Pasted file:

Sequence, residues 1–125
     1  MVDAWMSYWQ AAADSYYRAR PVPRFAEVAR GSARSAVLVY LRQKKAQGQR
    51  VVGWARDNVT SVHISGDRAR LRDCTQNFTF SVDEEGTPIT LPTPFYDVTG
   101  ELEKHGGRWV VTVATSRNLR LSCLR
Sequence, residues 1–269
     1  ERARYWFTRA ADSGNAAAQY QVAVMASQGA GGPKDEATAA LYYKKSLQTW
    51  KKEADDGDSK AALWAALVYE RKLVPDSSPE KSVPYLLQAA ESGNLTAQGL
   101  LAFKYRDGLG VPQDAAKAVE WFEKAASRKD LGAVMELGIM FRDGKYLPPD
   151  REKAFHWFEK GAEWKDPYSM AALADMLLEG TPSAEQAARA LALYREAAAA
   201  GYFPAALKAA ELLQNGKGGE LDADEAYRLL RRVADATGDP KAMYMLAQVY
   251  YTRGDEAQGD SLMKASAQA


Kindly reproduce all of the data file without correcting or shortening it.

Sequence, residues 1–125
     1  MVDAWMSYWQ AAADSYYRAR PVPRFAEVAR GSARSAVLVY LRQKKAQGQR
    51  VVGWARDNVT SVHISGDRAR LRDCTQNFTF SVDEEGTPIT LPTPFYDVTG
   101  ELEKHGGRWV VTVATSRNLR LSCLR
Sequence, residues 1–269
     1  ERARYWFTRA ADSGNAAAQY QVAVMASQGA GGPKDEATAA LYYKKSLQTW
    51  KKEADDGDSK AALWAALVYE RKLVPDSSPE KSVPYLLQAA ESGNLTAQGL
   101  LAFKYRDGLG VPQDAAKAVE WFEKAASRKD LGAVMELGIM FRDGKYLPPD
   151  REKAFHWFEK GAEWKDPYSM AALADMLLEG TPSAEQAARA LALYREAAAA
   201  GYFPAALKAA ELLQNGKGGE LDADEAYRLL RRVADATGDP KAMYMLAQVY
   251  YTRGDEAQGD SLMKASAQA